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Monday
Jul152013

Shell Oil To Pay Over $115 Million To Reduce Polluting Emissions From Its Houston Refinery

Shell’s Deer Park Refinery, Texas. Photo courtesy of Roy Luck.

Shell Oil Co. and its affiliated partners have agreed to resolve allegations against the refinery and chemical plant in Deer Park, Texas, just outside of Houston.

They are accused of improperly operating 12 steam-assisted flaring devices in a way that caused excess volatile organic compounds, including benzene and other hazardous pollutants to be emitted into the atmosphere, according to a complaint filed by the U.S. Justice Department on behalf of the U.S. Environmental Protection Agency.

To understand things a little better, flare stacks are gas combustion devices used primarily to burn off flammable gases. These flare stacks are used largely in industrial facilities such as petroleum refineries, chemical plants, and natural gas processing plants. They are also commonly used within oil and gas production sites that have oil wells, gas wells, offshore oil and gas rigs, and landfills.

In this settlement, Shell and its partner Deer Park Refining LP, have agreed spend over $115 million in efforts to control air pollution from its industrial flares and other processes, as well as paying about $2.6 million in civil penalties as part of resolving alleged violations against the Clean Air Act.

Specifically, Shell Oil operates the refinery, which is owned by Deer Park Refining. Shell Chemical LP owns and operates the chemical plant.

Shell is expected to spend about $100 million on new technologies to reduce air pollution from the industrial flares. The EPA explains that, “Improper operation of an industrial flare can send hundreds of tons of hazardous air pollutants into the air.”

To get a better view of the scope of the Shell facilities, the EPA says that the refinery processes about 330,000 barrels per day of crude oil, which makes it the 11th largest refinery in the United States. It produces a variety of refined products, including gasoline, jet fuel, and diesel.

The chemical plant manufactures base chemicals that are sold to other chemical companies that turn them into thousands of consumer products, ranging from plastics to building materials.

In total, the chemical plant produces about 8,000 tons per day of petrochemical and chemical products, such as ethylene, propylene, butylene, isoprene, butadiene, benzene, toluene, xylene, phenol, acetone, and cumene.

Both the chemical plant and the refinery operate 24 hours-a-day and 365 days-a-year.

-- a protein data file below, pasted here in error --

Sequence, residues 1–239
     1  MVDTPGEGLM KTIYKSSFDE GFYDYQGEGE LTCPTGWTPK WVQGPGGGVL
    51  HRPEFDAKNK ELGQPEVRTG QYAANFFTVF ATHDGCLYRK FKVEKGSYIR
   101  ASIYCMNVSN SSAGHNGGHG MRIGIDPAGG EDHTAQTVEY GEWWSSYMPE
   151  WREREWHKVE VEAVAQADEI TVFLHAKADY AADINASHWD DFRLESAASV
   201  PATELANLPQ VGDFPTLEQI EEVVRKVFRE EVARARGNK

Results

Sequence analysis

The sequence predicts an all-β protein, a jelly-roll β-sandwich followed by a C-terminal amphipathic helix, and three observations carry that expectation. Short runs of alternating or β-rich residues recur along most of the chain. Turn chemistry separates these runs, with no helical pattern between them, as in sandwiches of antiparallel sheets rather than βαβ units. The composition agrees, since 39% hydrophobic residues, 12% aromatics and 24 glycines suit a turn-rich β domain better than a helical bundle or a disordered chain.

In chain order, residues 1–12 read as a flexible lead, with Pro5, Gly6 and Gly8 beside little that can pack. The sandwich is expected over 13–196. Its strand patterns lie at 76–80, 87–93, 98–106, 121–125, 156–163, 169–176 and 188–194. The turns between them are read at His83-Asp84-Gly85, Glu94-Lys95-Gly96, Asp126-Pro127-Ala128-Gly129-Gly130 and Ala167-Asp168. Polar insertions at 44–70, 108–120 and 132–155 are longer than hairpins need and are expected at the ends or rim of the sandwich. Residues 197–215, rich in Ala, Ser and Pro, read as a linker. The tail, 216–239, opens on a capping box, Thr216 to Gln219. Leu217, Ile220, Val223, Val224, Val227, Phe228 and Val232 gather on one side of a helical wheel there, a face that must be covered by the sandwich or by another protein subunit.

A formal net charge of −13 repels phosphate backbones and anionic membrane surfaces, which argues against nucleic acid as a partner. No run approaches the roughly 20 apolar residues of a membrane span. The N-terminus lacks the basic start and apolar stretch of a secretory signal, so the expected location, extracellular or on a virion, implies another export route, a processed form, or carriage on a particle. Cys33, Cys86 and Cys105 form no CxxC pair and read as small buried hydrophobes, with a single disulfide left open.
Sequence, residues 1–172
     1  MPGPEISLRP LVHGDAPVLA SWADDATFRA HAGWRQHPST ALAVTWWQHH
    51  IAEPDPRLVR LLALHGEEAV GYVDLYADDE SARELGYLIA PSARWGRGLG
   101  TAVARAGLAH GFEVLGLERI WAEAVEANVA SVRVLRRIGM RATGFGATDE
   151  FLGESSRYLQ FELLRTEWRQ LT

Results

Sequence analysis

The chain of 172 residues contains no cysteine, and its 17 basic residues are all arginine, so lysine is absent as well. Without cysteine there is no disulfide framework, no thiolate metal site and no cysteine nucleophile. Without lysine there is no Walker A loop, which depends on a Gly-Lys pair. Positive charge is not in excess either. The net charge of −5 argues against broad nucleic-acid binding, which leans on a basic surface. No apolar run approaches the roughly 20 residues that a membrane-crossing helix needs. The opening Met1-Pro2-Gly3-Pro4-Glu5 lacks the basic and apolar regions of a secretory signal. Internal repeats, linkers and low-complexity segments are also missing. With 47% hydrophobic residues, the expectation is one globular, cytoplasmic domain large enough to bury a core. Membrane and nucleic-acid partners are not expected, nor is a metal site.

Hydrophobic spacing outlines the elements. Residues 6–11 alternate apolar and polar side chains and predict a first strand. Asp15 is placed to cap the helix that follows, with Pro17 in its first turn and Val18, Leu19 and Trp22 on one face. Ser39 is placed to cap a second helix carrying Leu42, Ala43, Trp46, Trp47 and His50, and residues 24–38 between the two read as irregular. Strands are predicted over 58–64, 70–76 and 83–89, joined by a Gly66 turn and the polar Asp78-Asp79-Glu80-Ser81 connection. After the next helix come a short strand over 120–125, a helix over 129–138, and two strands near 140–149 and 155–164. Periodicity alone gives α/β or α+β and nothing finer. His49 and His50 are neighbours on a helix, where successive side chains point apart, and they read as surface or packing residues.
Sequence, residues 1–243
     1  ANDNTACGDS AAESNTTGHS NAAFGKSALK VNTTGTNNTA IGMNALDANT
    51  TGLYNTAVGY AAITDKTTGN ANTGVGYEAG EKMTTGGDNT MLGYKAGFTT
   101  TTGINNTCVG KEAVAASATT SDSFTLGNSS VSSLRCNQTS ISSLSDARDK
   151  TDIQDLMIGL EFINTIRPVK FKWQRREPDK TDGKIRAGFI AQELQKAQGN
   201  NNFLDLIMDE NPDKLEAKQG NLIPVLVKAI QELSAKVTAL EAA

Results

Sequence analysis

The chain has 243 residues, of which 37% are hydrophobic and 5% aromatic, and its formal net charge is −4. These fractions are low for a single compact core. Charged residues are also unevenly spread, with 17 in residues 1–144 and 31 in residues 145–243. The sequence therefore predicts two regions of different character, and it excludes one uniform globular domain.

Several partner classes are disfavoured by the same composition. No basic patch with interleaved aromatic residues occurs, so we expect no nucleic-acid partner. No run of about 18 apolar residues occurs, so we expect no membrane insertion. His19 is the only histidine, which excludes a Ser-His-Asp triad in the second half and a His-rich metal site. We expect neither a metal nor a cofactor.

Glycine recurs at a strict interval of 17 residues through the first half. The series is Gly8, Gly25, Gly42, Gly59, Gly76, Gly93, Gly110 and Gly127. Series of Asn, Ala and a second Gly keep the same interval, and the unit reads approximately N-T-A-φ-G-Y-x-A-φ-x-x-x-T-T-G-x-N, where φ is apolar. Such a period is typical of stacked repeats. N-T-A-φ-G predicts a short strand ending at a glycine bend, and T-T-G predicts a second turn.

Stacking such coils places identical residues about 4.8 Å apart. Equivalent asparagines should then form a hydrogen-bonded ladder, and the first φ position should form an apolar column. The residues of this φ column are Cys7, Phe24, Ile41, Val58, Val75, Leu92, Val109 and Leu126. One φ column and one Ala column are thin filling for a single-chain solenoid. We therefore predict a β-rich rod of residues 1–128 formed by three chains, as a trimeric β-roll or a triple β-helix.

As part of the settlement, the Justice Department said that Shell will be required to take the following actions to improve flare operations:

  • minimize flaring by recovering and recycling waste gas, which can then be reused by Shell as a fuel or product.
  • comply with limitations on how much waste gas can be burned in a flare (flare caps).
  • install and operate instruments, and monitoring systems to ensure that gases that are sent to the flares are burned with 98 percent efficiency.

The EPA says that once fully implemented, the pollution controls required by the settlement are expected to reduce harmful air emissions of sulfur dioxide, VOCs, and other hazardous air pollutants by an estimated 4,550 tons or more per year.

These controls are also expected to reduce emissions of greenhouse gases by about 260,000 tons per year, adds the EPA.

In addition to reducing pollution from flares, Shell is expected to significantly modify its wastewater treatment plant. The company is expected to implement three mitigation projects estimated to cost between $15 and $60 million. Shell plans to:

  • modify its wastewater treatment plant to reduce emissions of VOCs.
  • control VOC emissions from tanks by replacing two old tanks, repairing one tank, and engaging in a bi-weekly infrared-camera imaging program for 15 other tanks.
  • control emissions of hazardous air pollutants and VOCs at its benzene production units through new monitoring and repair practices.

When fully implemented, the EPA estimates that “these projects will reduce VOC emissions by at least 300 tons per year.”

Shell also plans to implement two supplemental environmental projects. Shell has agreed to spend $1 million on a system to monitor benzene levels at the fence-line of the refinery and chemical plant, which are in the vicinity of a nearby neighborhood and school. The company plans to make the data available to the public through a website.

Shell has also agreed to spend $200,000 on retrofit technology to reduce diesel emissions from government-owned vehicles which operate in the vicinity of Deer Park complex.

The EPA says, “These actions will cut emissions of pollutants that can cause significant harm to public health,” adding that, “Exposure to high concentrations of sulfur dioxide can affect breathing and aggravate existing respiratory and cardiovascular disease.”

The agency also explains that, “VOCs are a key component in the formation of smog or ground-level ozone, a pollutant that irritates the lungs, exacerbates diseases such as asthma and can increase susceptibility to respiratory illnesses, such as a pneumonia and bronchitis.”

Also chronic exposure to benzene, which is a carcinogen, can cause numerous health problems, including leukemia and reproductive health issues in women, adds the EPA.

The proposed settlement has been filed with the U.S. District Court for the Southern District of Texas. The consent will be subject to a 30-day public comment period and final court approval.

 

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